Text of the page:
Now running in school is generally frowned upon, but I had a very short time to get to the office.  So I ran from my door all the way to the office.  Now keep in mind, I am not at my peak physical shape and I am a pretty big dude.  Even in my younger days, running was not my strong suite despite being a 3 sport athlete.  

I learned later that my principal, while reading the morning announcement had his eye on the cameras and saw me sprinting through the hallways trying to make my reading on time.  He slowed down his reading to try to give me time to make it to the office.  

Just as I reached his room where I was supposed to read, the principal was finishing up the last couple sentences.  However, there was a problem...breath.  

He handed me the phone to do the reading and I hadn't even gotten close to catching my breath.  So instead of a great dramatic reading of the Lorax, hundreds of students, ages 3-18, plus my fellow colleagues,  heard lines from the Lorax a couple words at a time and then a middle aged math teacher gasping and wheezing, and then a couple more words.  I tried to pass it off as dramatic, but I think that just made it worse.  

"From the ... (deep breath) ... rippulous pond ... (wheez)
came the ... (gasp) ... comfortable sound ... (long pause)

This went on for about 15 more line until thankfully it ended.  As I left the office and ran into students, they all yelled out a mixture of "I knew it was you, because we saw you running" and "Are you okay?"  All in all a total failure.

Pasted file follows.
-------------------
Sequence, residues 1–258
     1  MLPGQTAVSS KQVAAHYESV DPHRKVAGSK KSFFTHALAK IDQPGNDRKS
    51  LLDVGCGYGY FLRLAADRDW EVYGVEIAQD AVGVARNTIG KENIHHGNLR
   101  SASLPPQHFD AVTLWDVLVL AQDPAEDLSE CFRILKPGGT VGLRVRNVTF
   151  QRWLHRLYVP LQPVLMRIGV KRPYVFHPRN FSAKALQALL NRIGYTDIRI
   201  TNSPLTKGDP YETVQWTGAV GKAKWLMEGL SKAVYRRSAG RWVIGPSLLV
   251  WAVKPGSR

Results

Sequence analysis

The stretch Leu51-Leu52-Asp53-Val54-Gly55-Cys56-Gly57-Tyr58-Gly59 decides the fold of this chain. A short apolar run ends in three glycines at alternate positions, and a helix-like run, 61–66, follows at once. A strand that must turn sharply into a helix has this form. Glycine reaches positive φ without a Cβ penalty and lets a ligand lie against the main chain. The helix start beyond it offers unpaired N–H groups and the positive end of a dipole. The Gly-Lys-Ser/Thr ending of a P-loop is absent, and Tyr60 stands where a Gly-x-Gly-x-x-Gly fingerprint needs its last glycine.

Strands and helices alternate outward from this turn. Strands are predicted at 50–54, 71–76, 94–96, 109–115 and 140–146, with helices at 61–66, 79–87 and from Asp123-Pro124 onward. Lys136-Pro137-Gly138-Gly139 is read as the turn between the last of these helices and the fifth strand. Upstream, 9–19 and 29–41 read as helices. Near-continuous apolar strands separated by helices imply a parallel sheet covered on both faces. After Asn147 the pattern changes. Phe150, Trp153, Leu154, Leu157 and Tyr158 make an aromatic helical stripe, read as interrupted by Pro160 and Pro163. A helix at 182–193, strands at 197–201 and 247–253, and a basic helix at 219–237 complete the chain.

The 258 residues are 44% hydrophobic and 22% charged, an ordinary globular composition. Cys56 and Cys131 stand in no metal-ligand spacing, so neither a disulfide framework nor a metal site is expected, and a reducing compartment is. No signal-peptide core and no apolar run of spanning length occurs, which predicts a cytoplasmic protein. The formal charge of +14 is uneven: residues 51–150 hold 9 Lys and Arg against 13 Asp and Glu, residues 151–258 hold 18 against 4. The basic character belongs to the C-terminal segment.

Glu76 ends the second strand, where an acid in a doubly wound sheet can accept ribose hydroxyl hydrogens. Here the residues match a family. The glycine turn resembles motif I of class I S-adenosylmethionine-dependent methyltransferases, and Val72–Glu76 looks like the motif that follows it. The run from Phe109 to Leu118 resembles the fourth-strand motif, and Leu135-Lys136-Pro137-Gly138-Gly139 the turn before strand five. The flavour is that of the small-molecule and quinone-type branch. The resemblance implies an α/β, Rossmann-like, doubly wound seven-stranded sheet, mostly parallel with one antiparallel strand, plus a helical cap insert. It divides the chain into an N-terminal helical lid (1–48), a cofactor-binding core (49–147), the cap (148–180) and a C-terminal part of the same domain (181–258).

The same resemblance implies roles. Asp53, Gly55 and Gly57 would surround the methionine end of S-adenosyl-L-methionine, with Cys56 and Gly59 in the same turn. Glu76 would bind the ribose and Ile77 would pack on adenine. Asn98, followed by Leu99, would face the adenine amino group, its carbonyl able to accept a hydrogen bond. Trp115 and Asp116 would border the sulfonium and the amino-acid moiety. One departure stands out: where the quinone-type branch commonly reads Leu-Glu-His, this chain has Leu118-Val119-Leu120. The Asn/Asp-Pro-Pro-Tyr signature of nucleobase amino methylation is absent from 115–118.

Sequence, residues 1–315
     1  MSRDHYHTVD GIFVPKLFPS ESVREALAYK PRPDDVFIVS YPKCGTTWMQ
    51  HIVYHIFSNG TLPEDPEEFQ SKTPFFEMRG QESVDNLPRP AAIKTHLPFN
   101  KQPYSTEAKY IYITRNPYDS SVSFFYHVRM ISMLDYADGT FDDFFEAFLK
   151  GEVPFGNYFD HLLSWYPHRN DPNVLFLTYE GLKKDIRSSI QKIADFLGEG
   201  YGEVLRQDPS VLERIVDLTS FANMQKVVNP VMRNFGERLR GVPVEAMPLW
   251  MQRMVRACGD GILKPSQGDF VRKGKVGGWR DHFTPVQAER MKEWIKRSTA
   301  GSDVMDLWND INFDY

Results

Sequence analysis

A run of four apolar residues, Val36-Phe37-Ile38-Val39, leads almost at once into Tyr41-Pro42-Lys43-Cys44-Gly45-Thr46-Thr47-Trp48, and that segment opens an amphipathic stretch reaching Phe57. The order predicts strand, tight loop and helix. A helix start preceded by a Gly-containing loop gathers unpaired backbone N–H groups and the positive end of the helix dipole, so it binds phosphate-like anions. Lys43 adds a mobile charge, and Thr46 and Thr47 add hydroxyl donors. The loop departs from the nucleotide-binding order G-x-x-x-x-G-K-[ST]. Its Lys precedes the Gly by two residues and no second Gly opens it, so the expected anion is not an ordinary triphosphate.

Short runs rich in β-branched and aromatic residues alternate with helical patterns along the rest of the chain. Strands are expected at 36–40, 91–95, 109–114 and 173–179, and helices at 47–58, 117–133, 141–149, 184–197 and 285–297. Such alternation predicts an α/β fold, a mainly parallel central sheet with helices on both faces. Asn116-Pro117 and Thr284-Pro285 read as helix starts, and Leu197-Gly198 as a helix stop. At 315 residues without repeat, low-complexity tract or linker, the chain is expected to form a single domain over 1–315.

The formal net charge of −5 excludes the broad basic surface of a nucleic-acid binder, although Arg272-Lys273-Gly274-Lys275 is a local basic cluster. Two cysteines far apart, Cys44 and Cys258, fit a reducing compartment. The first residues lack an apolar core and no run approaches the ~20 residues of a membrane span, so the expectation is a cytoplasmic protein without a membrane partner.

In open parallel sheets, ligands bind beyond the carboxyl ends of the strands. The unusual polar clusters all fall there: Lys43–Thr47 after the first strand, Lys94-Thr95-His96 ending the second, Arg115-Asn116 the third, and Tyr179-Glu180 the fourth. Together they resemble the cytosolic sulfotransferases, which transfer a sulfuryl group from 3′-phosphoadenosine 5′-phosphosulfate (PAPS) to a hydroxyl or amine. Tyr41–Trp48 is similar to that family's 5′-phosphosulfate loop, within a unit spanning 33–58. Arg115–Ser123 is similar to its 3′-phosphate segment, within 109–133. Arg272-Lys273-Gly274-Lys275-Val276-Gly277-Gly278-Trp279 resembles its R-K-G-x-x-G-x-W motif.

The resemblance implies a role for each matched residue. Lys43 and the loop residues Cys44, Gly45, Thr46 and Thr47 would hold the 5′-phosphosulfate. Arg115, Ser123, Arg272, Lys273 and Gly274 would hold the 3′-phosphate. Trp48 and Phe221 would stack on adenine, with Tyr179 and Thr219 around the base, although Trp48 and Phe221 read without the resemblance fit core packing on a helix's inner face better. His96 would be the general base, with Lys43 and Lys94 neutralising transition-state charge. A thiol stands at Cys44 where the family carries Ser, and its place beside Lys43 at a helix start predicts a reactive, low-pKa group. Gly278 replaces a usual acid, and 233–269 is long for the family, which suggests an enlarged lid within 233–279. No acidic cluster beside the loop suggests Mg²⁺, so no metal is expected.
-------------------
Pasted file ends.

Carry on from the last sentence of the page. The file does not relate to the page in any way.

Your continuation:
I think I am ordering a treadmill on Monday.


Sunday, February 2, 2014

Twitter: Light Side vs Dark Side

Twitter Wisdom

I scavenge Twitter for many ideas and resources to help me with teaching.  I often come across things that I think are pretty cool or could be useful to teachers that are not me.  I often send these links and ideas on to colleagues in the building.  I am sure they get sick of this, so I try to limit it, but I do send out ideas quite a bit.  

Yesterday I sent out back to back emails to elementary teachers.  The first tweet quickly explained that I found this resources on twitter and that elementary math teachers might find it useful.  I forgot that I had come across another idea aimed at elementary teachers.  I think it was an app for practicing basic skills that looked pretty fun.  (I think it was Math Slicer)  The subject line of this email was "i spend too much time on twitter."  Trying to poke fun at myself for sending back to back emails to the elementary about ideas that I found on twitter.  

After sending this email out I got a response back from 1 teacher, asking about some drama going on in the Twitter world involving our students.  She asked me what I knew about the drama.  My response to her was that I try to "avoid the dark side of twitter" and I knew nothing.  

The use of the phrase "Dark side" got me thinking.  Star Wars often talks about the Dark and Light side of "The Force."  Twitter can be viewed in a similar way.  

It is the Jedi's choices that put them on the dark or light side of the force, the same is true for twitter users.  

Twitter connects the world just like the Force flows through and connects all of us.  

A Jedi's light saber color symbolizes a lot about the Jedi themselves, much like the twitter user's profile pictures and cover picture.  

A Jedi can move objects using the force with just their mind.  My autocorrect is almost that good as I type things on my phone.  

So all these similarities inspired me to seek out advice from the wise master Yoda.  He gives great advice throughout the Star Wars films and surprisingly a lot of it can be applied to use of Twitter.  So I made the graphic below to remind myself, and my students of choices, consequences, and digital citizenship.